Trailing 13-0 early in the second half, the Denver Broncos’ fate rested on the results of a key drive.

While Denver’s defense had been mostly stellar — holding the Bills’ third-best red zone offense to a mere two field goals on two red zone trips before halftime — the Broncos gave up a touchdown early in the third quarter. And the offense failed to even show up.

Still, Denver managed to work the ball down the field and into the wind thanks to a big run by Phillip Lindsay and then catch-and-run by Royce Freeman. They moved it to the Bills’ 24 yard line, the farthest Denver had penetrated into Buffalo territory. The Broncos simply had to find a way to score a touchdown.

On first down, Lindsay carried inside for two yards. And then the most ridiculous play of the day was called by Rich Scangarello.

“Scangs” tried to get too cute and do too much; Diontae Spencer motioned as if he were going for an end-around, and put his hand in the air as if to call for a screen pass before Brandon Allen turned 180 degrees and tossed the ball to tight end Noah Fant who was hit immediately for a five-yard loss.

The drive fluttered and died just like Allen’s pass on third down to the boundary and near Courtland Sutton, falling far short and out of bounds due to the stiff wind. And after Denver  postured they would go for it on fourth down, the Broncos elected to kick the field goal.

Sure, Denver was trailed by a smaller margin of 13-3 at that point, but settling for the field goal signaled the game was over, the Broncos had flown the white flag.

That drive — which was deeper into Buffalo territory than any other — had to end with a touchdown if Denver wanted to win. Scangarello called the worst play of the day, the tight end screen misdirection, which ended up losing a whole bunch of yards for the Broncos.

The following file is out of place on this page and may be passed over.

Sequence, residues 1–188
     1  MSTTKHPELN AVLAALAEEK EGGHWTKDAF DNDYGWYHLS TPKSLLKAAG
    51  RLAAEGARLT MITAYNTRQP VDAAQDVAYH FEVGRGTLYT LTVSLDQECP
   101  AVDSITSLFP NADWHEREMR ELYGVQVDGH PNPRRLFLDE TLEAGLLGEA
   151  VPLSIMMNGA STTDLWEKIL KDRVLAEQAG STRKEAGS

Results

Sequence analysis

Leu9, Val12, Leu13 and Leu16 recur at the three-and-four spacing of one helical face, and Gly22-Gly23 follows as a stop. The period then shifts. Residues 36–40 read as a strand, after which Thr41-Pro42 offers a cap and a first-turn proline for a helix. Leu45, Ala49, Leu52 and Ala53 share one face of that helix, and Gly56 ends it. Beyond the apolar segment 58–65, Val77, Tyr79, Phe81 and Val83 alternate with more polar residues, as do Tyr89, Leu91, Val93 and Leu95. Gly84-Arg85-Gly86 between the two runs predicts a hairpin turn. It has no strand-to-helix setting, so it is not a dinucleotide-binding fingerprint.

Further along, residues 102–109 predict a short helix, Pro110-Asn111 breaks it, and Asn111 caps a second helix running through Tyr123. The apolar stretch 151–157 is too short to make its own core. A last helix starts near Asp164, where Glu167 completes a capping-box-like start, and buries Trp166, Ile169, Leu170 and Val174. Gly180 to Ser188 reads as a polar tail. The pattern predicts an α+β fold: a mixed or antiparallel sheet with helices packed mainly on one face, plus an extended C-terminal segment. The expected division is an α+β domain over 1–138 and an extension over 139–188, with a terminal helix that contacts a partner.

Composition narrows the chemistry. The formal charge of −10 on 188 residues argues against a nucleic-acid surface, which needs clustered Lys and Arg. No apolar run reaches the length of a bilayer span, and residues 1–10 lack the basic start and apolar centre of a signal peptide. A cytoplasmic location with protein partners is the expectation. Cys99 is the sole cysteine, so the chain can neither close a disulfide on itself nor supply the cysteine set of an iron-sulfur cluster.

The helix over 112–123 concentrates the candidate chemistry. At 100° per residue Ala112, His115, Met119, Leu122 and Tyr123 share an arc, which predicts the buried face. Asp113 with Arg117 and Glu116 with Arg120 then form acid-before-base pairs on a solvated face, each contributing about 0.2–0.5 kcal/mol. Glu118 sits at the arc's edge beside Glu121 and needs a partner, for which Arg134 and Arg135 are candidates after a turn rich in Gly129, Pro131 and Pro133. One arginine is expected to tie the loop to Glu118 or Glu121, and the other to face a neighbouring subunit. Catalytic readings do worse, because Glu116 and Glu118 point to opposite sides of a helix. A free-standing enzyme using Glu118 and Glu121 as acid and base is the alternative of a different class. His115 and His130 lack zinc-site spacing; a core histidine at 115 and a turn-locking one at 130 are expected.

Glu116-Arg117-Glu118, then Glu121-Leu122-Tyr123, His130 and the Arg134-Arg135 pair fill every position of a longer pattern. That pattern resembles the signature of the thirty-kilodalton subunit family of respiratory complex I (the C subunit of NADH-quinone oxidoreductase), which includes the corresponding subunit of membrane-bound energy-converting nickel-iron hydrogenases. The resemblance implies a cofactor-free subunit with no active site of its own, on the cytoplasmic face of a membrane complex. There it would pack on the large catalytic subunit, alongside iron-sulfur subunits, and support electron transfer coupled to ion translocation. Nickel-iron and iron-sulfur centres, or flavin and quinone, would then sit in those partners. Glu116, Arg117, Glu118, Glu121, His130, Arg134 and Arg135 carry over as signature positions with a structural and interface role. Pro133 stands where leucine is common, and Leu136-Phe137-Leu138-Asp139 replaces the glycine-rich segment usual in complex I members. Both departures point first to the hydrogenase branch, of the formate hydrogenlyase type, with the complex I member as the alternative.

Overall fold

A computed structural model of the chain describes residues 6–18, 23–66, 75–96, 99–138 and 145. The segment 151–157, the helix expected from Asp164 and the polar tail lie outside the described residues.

Following that failed attempt, the Broncos offense went 3-and-out four straight times.

The incredibly bad play call by Scangarello wasn’t the first of the year, not by far.

Last week, while allowing the Minnesota Vikings to come all the way back from 20 points behind to win, the Broncos ran the ball with rookie tight end Noah Fant on a crucial third down late. Earlier in that game, the Broncos settled for a field goal and threw an interception in Minnesota’s red zone on two separate drives.

In another comeback loss, this time to the Indianapolis Colts, Scangarello called a draw with the small back Phillip Lindsay on 3rd and 5. If the Broncos converted on that play, they would’ve won the game. Instead, Indy answered with a dynamic drive to steal the win.

And it’s not just Scangarello, the young and inexperienced offensive coordinator, but head coach Vic Fangio who made a head-scratching call himself on Sunday.

Late in the third quarter, with Denver’s improved and highly competitive defensive unit on the field, Fangio inexplicably called a timeout with two seconds left in the quarter. Denver, still trailing by 10 points, needed to save those timeouts in case they made the game close late.

Instead, following the timeout, Buffalo converted their 3rd-and-2 before the quarter ended, making the called timeout even more laughably bad in terms of clock and game management.

Rewind to the 30-6 loss to the Chiefs, Fangio also elected to go for a 2-point conversion after the team’s only touchdown, which was failed. Not even a Kansas City penalty, moving Denver to the one yard line, could help the Broncos convert on that one.

Look, this is Fangio’s first year as a head coach, and even all those years as a defensive coordinator couldn’t fully prepare him for the deluge of decisions he has to make during a game. Likewise, Scangarello is a rookie offensive coordinator, and mistakes have been plentiful for the NFL’s 30th-best offense.

However, there’s no making any excuses for Fangio nor Scangarello. If they want to step up from just being NFL coaches to being one of the best coaching staffs, their situational coaching and game management must improve.